Typically, no, the mortgage lender cannot lay claim to the assets in one’s retirement account. We have been involved in hundreds of short sales, and we have never seen a mortgage lender claim any funds out of a seller’s retirement account.
There are ways that the retirement account can affect whether one is approved for a short sale. In making their decision on whether to approve a short sale, a lender may note how much money is in the retirement account and then ask the seller to sign a promissory note to repay some of the debt. Even though the lender does not ask for a monetary contribution from the seller at settlement, and even though the lender agrees to forgive most of the remaining debt, they may expect the seller to repay some debt in the future. The promissory notes we have seen typically do not involve any interest, and they have ranged from as little as $1,000 to as high as $40,000. In other words, the lender knows that the borrower does not have funds now but could have access to retirement funds in the future.
A person’s retirement funds could be indirectly affected by the filing of a judgment. For example, if a lender obtains a deficiency judgment against a former borrower, that judgment sits on the public record for a time, and it can be renewed by the lender. Eventually, if the person wants to borrow money or sell a house in the county where the judgment is filed, they probably will have to pay off the judgment or reach a settlement agreement to remove the judgment. The person could potentially use money disbursed from their retirement account to pay off the judgment. A factor to consider is how many years away from retirement the person is, as someone closer to retirement has to deal with the possibility of having a judgment that they may wish to pay off.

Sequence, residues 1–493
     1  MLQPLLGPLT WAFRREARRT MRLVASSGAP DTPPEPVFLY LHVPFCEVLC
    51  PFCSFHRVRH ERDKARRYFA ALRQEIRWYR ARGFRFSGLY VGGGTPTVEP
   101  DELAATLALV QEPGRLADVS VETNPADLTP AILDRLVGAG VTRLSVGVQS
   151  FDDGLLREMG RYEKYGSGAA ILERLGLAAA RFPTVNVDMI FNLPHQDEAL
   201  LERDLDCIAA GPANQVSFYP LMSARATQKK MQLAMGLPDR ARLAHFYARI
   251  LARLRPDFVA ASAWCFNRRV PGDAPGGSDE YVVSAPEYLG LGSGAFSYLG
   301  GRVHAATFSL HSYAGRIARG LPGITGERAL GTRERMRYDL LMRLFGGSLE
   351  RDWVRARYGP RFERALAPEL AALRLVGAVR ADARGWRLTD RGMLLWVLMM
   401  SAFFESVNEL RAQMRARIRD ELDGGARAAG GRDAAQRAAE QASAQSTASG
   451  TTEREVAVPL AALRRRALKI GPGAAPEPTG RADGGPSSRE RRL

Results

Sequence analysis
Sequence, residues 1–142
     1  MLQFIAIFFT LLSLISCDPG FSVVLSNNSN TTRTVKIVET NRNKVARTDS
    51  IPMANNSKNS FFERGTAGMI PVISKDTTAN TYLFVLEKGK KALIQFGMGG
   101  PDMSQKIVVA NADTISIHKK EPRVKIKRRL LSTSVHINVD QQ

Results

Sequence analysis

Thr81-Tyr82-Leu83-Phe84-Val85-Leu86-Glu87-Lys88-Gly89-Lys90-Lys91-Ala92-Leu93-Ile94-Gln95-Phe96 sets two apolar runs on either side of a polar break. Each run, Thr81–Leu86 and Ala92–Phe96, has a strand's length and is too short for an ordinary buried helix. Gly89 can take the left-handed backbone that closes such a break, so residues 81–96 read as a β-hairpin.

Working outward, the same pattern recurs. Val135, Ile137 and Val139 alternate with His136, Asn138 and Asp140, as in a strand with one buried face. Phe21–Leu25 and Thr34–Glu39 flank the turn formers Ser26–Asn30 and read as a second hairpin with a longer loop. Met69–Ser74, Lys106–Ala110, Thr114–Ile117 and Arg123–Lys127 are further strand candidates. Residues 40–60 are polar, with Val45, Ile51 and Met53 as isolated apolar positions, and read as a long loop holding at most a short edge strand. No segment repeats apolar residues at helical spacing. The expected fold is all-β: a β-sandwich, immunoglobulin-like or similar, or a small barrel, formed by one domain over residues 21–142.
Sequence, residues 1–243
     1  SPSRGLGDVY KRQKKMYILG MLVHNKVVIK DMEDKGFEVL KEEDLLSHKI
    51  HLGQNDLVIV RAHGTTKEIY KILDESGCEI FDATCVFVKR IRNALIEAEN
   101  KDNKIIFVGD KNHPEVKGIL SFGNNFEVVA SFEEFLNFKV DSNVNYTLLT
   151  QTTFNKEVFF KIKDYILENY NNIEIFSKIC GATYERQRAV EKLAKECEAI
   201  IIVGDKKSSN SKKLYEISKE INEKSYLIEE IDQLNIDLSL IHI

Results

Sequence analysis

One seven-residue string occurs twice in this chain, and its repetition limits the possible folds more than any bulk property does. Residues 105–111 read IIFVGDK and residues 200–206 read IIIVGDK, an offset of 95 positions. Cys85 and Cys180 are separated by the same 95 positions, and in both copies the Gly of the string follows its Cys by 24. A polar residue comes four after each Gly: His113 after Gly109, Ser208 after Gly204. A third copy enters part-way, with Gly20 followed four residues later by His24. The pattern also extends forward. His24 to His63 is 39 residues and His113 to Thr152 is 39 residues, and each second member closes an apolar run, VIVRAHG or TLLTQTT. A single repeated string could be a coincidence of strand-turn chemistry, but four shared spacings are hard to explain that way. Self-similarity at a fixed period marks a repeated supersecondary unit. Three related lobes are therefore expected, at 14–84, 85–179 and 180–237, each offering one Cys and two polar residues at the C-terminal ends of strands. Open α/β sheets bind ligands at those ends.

In theory, a lender could issue a short sale approval and ask the borrower to contribute some money at closing. The lender may be aware that the person has no liquid funds but has some funds in their retirement account. Some accounts allow a person to remove some money, but it comes with a penalty. Therefore, it is possible that a borrower may choose to have their retirement fund release some money early just so the person can cover a contribution at closing and perhaps their moving costs.
It is important to understand that the mortgage lender’s remedy for a defaulted mortgage loan is to foreclose on the property. The lender’s claim is against the property, not against the person’s retirement account. If the person needs money and chooses to take some funds from the retirement account to cover immediate expenses, then that is their choice and not the lender’s decision.
State laws can vary regarding a creditor’s claim to personal assets. Consult with your attorney and/or tax advisor.